By Margaret Sullivan / The Washington Post
How can journalists interview Donald Trump — or other politicians who consistently spread misinformation — without magnifying their lies? It’s been a challenge, and a problem, for years.
One answer arrived Wednesday when NPR aired its long-sought chat with the former president, conducted a day earlier by Steve Inskeep, a host of “Morning Edition.” The interview has drawn plenty of attention because Trump abruptly ended the call after nine minutes, cutting short what was planned as a 15-minute chat.
“So Steve, thank you very much,” Trump said, mid-conversation and without warning, after attempting to deflect or ignore some of Inskeep’s questions. “I appreciate it.” With that, he hung up.
But to me, the interview was less notable for its sudden ending than for what it accomplished. Although noncombative in tone, it still managed to give listeners an accurate picture of the subject matter: Trump’s insistence on promoting an evidence-free and thoroughly debunked argument that the 2020 election was rigged and that he should have been granted a second term as the rightful winner.
Inskeep and NPR demonstrated that they were fully aware of how damaging such fabrications can be; and that they are unwilling to hand a big megaphone to that “big lie.”
Throughout the interview, Trump kept coming with his misleading rhetoric, offering one fleetingly plausible-sounding but utterly false idea after another about a supposedly fraud-ridden election.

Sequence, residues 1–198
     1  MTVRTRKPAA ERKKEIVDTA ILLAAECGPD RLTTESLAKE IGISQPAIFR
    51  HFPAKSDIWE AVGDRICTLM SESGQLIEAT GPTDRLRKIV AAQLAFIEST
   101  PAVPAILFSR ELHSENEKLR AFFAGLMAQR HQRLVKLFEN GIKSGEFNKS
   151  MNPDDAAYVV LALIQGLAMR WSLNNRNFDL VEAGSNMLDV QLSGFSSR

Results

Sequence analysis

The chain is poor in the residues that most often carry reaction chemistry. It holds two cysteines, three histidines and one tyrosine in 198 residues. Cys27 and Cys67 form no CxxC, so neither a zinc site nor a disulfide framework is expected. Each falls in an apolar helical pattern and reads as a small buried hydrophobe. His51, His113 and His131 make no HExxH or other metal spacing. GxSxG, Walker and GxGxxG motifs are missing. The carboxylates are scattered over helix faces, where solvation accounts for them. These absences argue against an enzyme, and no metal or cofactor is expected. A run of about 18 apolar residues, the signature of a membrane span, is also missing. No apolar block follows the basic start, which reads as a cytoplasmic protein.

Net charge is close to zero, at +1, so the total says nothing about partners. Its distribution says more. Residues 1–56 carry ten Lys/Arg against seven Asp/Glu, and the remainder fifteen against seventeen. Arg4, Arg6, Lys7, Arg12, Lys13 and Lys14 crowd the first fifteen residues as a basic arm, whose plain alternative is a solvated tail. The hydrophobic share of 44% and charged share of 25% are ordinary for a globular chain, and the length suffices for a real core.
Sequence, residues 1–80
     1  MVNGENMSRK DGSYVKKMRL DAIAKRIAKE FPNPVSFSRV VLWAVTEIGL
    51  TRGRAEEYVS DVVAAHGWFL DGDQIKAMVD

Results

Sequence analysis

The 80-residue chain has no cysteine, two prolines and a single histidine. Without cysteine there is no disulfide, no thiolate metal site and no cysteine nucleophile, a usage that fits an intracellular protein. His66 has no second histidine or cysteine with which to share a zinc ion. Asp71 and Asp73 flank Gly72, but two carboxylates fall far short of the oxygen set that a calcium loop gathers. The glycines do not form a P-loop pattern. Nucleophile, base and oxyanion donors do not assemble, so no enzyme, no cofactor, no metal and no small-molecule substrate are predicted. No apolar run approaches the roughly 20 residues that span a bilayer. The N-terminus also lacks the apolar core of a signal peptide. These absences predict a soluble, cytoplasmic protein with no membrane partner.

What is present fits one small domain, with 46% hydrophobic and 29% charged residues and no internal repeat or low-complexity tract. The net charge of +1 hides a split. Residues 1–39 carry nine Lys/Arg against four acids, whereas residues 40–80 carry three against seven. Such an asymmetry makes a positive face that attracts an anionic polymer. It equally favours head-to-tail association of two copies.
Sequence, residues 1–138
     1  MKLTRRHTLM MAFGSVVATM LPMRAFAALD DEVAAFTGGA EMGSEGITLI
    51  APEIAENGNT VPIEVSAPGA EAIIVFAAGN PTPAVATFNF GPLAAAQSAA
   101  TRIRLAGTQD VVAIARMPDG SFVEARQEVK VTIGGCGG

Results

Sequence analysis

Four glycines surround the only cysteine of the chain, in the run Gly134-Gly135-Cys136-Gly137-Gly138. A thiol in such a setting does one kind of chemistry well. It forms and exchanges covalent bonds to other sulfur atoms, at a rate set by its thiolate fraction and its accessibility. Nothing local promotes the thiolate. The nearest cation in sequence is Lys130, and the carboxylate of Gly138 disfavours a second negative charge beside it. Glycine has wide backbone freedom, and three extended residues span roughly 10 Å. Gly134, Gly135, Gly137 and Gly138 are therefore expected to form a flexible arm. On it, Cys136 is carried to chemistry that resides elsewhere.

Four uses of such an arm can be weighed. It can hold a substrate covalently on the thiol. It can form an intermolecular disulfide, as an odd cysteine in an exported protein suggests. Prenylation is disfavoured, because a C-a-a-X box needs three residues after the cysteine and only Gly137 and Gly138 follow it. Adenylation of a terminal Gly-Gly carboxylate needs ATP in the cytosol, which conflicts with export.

But Inskeep kept coming, too, pushing back at each of these statements. “Your own lawyers had no evidence of fraud,” the host corrected Trump at one point. “They said in court they had no evidence of fraud, and the judges ruled against you every time on the merits.”
It was a great example of what I’ve been advocating for years: the “truth sandwich” approach to covering false claims, not a new problem but certainly a pervasive one in the Trump era. The idea is to avoid magnifying lies; and the technique is to surround false statements with established truths before and after, thus blunting the effect of what can amount to propaganda.
It helped, immensely, that NPR’s interview was taped. It meant that Inskeep was able to lead into his piece with almost five minutes of reporting, including archived interviews with election officials and others. So, when listeners heard Trump, they could keep in mind what they had heard just minutes before. After the conversation with Trump came yet another voice; that of Mara Liasson, an NPR national political correspondent, who talked with Inskeep for a minute or so to provide valuable perspective and another helping of truth.
“A master class in contextualization,” Richard Tofel, longtime president of ProPublica, called the interview. And, he added, a reminder of “why Trump and fellow Big Liars should be interviewed on tape rather than live.”
Inskeep said Thursday that a taped interview was always the plan and that Trump and his handlers had no objection when they agreed to the interview, NPR’s first with Trump since he became a presidential candidate in 2015. Inskeep has been requesting one regularly since then.